As the Pixel phone announcement draws near, it seems that, if not going away entirely, Google's Nexus brand will at the very least be undergoing some major changes. Google intends to heavily market its Pixel phones if the last week is any indicator, meaning there really won't be much room for the Nexus phone program to exist in the same way it has in the last few years. Nexus may live on, but it will undoubtedly be in a capacity different from the more aspirational efforts we've seen Google make with it in devices like the Nexus 6, 5X, and 6P. Read More
Google kicked off the Nexus program back in early 2010 with the Nexus One. It was a fine phone for the time, but it's vastly different than the most recent iterations of the Nexus flagship. That's illustrated quite well by this quick GIF. Read More
After the successful landing of NASA's Curiosity rover on Mars this month, space exploration is once again at the forefront of everyone's minds. While the rover goes about its mission on the red planet, there are plenty of other exciting projects happening closer to home.
One of those projects is the CubeSat Launch initiative (CSLI), in which nanosatellites built by teams across the United States are hitching a ride into orbit on rockets planned for upcoming launches. The satellites are around 4 inches long, have a volume of one quart and weigh in the region of 3 pounds.
In order for a project to be eligible to participate in the CSLI, it must address aspects of science, exploration, technology development, education or operations. Read More
Go ahead and file this one under the we're not surprised tab: Google's Hugo Barra told the Telegraph that the Nexus One won't be getting updated to Android 4.0, as the hardware is just too old. Honestly, we didn't expect the Big G to support the original Nexus forever, so this shouldn't really come as a shocker to anyone.
With that said, we know that tons of unofficial ports (read: custom ROMs) will be available shortly after the ICS source is dropped, once again breathing life into an otherwise dying device. Just one more reason we all love the Android development community so much. Read More
Nexus One owners, you've got an update waiting for you this evening. The version number is 2.3.6 (GRK39F), which will apply right over 2.3.4 GRJ22. If you still haven't gotten yours OTA, we've got the download link and instructions below.
As for the changes it brings, we haven't gotten much to go on except for the following blurb: "important bug fixes and security patches." If it's anything like the Nexus S 2.3.6 update, it will contain a fix for the voice search bug (was this even a problem on the Nexus One? Speak up).
Note: If you don’t have GRJ22 (2.3.4), then head over here and install GRJ22 first, then proceed below. Read More
Nexus One owners, tonight you're getting a nice treat in the form of the incremental Gingerbread update 2.3.4, previously available only to Nexus S owners. To recap,
the main feature in this release is the video and audio enabled Google Talk, although since the N1 lacks a front-facing camera, it's not going to be as useful as it was for the Nexus S.
Update: Err, looks like there is no video or audio support in this release at all, according to those of you with Nexus Ones. Why Google didn't just disable the phone's camera and left it a one-way video and two-way audio is beyond me, but at this point you may as well try the Gtalk version that was extracted from the Nexus S for everyone with Gingerbread to play with. Read More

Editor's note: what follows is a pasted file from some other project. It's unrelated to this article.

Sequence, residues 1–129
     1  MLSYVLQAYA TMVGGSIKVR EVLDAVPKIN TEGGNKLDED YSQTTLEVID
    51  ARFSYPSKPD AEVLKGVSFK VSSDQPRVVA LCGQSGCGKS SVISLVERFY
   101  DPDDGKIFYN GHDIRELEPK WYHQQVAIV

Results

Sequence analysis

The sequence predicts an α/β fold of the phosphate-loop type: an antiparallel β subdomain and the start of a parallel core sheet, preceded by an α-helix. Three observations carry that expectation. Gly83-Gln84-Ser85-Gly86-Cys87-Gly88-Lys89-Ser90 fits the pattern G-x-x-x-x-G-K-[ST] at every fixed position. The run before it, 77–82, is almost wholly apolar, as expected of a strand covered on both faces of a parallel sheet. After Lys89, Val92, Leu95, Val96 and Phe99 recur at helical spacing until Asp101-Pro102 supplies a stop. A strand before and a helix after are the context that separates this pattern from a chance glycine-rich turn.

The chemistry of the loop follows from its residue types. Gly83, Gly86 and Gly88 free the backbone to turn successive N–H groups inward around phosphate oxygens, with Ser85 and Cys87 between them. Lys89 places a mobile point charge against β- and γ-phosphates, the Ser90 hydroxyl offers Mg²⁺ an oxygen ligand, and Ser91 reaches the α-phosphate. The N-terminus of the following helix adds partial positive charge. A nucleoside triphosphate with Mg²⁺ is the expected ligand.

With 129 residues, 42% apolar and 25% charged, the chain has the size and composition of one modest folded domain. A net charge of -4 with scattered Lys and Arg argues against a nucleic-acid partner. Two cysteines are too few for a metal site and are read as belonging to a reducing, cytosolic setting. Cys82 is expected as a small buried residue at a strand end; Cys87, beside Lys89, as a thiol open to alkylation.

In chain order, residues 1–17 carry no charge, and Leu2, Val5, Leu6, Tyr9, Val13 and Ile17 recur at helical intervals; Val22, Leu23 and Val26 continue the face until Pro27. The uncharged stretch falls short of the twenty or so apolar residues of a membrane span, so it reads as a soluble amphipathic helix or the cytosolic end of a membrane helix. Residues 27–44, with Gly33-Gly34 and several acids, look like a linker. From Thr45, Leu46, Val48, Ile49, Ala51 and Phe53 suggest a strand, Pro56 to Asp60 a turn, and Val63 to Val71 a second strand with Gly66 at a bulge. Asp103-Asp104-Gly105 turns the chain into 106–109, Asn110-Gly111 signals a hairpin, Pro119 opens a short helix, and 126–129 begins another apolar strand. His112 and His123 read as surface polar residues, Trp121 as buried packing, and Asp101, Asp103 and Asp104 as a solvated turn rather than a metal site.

CyanogenMod 7 has earned its reputation as the most reliable Gingerbread ROM, even though it hasn't yet entered stable mode. And tonight, the fun goes on -
RC4 RC3.14159265358979323846264338327, as the CM team so lovingly refers to it, has just been launched for all supported CM devices.
While RC4 doesn't contain any ground-breaking new features, it does bring a number of bug fixes - for example, hardware acceleration has been added to the Nook Color, and EGL has seen a big fix. It isn't perfect yet - kmobs notes that there may be some "lingering GPS issues on the EVO and the N1 call audio bug hasn't been fully fixed" - but it's still worth the update. Read More
That's right folks - CyanogenMod7 RC3 is up for grabs, and we'll be posting the devices it's available for as they come in. Here's the links we have so far:
We'll keep this list updated as more devices are added. Read More
While rooted Android users have been taking screenshots on their phones for a while now, stock, non-rooted owners have been left out of the fun (there are some notable exceptions to this rule, like the EVO 4G). No longer, according to Paul O'Brien, one of the visionaries in the Android community, who posted the following in reply to Cyanogen (aka Android god):
We haven't been able to confirm what exactly changed in 2.3.3, but according to Android Central, screenshots are now possible without root "because of some changes in the way the SurfaceFlinger service handles what it captures from the framebuffer."
This newly uncovered fact means that all phones running Android 2.3.3 and above should be able to take screenshots regardless of whether they're rooted or not. Read More
Google may have jumped the gun on announcing that the Android 2.3.3 update for the Nexus One was available - although they did say that it could be a few weeks until the update deployed OTA, it wasn't available for download and install, either. Or, rather, it wasn't until now: the update .ZIPs have been posted and can be downloaded directly from Google.
Obviously, Gingerbread brings a ton of new features, and 2.3.3 builds upon them even further. Install instructions are the same as previous updates:
I grabbed these instructions from Android Central, so be sure to show them some love:
- Download the update from here.